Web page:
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Welcome to the World’s largest trade zone

Welcome to the World’s largest trade zone

On November 15, 2020, at least fifteen countries created the world’s largest trading bloc, covering nearly a third of the global economy. The new free trade zone will be bigger than both the US-Mexico-Canada Agreement and the European Union.

A third of the world’s population

The Regional Comprehensive Economic Partnership (RCEP) is made up of 10 Southeast Asian countries, as well as South Korea, China, Japan, Australia and New Zealand. The members make up nearly a third of the world’s population and account for 29% of global gross domestic product.

Marathon negotiations

Negotiations over the new RCEP deal began in 2012 and it was finally signed on the sidelines of a meeting of the Association of Southeast Asian Nations (Asean). The meeting was held virtually due to COVID-19.

Why is it important?

Many analysts think RCEP’s sheer size makes it more significant.

“Its membership includes a larger group of nations, notably reflecting the membership of China, which considerably boosts the total Gross Domestic Product (GDP) of RCEP members,” according to Rajiv Biswas, Asia Pacific chief economist for analyst firm IHS Markit.


ASEAN leaders have said they still intend to expand trade with India and that the door remains open for New Delhi to rejoin the bloc. India has pulled out of the RCEP free trade deal with analysts suggesting that the move was aimed at protecting vulnerable sections of the economy as well as persuading China to grant reciprocal market access.

Japanese Prime Minister Yoshihide Suga has reaffirmed his government’s support for “broadening a free and fair economic zone, including a possibility of India’s future return to the deal, and hope to gain support from the other countries.”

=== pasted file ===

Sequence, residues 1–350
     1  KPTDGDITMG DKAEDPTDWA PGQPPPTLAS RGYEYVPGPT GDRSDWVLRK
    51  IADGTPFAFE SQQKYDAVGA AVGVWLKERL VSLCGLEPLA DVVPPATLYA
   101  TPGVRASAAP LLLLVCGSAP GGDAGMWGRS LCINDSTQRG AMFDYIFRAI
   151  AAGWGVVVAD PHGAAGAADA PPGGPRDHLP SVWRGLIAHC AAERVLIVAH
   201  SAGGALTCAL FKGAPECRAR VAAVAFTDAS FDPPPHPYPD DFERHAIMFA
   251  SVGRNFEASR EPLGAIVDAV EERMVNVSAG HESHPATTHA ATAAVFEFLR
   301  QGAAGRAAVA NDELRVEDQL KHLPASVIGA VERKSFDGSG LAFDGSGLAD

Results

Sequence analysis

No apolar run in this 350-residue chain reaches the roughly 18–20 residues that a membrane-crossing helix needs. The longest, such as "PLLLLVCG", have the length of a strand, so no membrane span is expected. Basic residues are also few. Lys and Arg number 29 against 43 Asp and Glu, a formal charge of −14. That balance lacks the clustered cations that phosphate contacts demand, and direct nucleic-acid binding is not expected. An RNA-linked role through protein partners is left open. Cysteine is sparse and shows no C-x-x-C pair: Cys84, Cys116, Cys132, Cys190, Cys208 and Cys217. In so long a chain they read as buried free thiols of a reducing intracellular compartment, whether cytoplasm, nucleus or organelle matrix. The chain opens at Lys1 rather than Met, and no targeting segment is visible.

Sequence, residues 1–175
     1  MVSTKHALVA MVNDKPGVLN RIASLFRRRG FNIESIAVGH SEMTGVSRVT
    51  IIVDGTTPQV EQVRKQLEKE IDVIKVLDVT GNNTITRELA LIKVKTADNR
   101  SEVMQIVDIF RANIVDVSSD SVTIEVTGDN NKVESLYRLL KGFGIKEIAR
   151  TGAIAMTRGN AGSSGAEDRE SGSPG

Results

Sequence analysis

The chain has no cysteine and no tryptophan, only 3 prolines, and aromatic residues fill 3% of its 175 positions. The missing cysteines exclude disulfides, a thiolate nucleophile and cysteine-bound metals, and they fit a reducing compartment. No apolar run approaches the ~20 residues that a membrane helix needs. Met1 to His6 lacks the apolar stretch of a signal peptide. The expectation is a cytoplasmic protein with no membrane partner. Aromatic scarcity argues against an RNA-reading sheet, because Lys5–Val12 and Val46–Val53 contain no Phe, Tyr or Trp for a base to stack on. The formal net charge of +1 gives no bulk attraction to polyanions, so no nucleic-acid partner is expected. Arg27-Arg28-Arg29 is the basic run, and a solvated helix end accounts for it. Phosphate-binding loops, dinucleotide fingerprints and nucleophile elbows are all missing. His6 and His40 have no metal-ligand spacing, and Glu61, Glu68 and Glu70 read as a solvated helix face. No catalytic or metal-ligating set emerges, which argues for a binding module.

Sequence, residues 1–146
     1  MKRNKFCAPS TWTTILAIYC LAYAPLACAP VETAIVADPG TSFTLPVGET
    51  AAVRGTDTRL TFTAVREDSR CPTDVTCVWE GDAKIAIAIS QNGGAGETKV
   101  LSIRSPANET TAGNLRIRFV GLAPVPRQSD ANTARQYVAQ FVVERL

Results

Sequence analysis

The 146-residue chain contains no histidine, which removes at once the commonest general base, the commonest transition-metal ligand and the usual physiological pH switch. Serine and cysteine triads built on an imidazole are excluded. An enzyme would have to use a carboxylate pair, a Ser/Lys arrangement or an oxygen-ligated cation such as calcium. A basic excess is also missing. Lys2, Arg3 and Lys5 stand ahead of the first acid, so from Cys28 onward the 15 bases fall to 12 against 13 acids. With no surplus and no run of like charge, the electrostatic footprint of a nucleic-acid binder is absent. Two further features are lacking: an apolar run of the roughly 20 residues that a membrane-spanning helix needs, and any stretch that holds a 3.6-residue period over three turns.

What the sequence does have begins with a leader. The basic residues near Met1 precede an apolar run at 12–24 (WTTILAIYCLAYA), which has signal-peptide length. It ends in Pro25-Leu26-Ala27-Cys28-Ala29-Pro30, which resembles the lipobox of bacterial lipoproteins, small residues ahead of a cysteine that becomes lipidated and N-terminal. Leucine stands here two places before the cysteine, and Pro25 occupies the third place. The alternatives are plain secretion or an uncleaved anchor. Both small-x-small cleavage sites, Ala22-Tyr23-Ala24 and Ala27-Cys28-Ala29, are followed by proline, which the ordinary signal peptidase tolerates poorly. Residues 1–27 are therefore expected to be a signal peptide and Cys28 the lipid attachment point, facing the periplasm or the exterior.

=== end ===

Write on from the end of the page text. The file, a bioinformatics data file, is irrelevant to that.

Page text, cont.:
Repositioning China

The trade deal allows China — by far the biggest economy and the most populous country in the region — to cast itself as the “champion of globalization and multilateral cooperation,” Gareth Leather, senior Asian economist for Capital Economics, said in a report.

Economic slowdown

Countries around the world are facing an economic slowdown in the aftermath of the pandemic-induced lockdowns. Indonesia recently slid into its first recession in more than two decades, while the Philippines saw its economy contract by 11.5% in the latest quarter. The fast-growing and increasingly affluent Southeast Asian market has been hit hard by the pandemic and is urgently seeking fresh drivers for growth.

The establishment of free trade zones has been trendy in recent years, with the African Continent founding a Free Trade Zone on March 21, 2018. The pact connects 1.3 billion people across 55 countries with a combined gross domestic product (GDP) valued at US$3.4 trillion. According to the World Bank, the Agreement has the potential to lift 30 million people out of extreme poverty but achieving its full potential will depend on putting in place significant policy reforms and trade facilitation measures.

A landmark achievement

The Chinese premier, Li Keqiang, celebrated the signing of the deal in a speech given at the summit, saying: “The signing of the RCEP is not only a landmark achievement of East Asian regional cooperation but also a victory of multilateralism and free trade.”

Post-Covid era

There is a likelihood that the world’s political spectrum might be restructured in the post-Covid era with countries forging closer ties to collectively confront common challenges in a collaborative manner.

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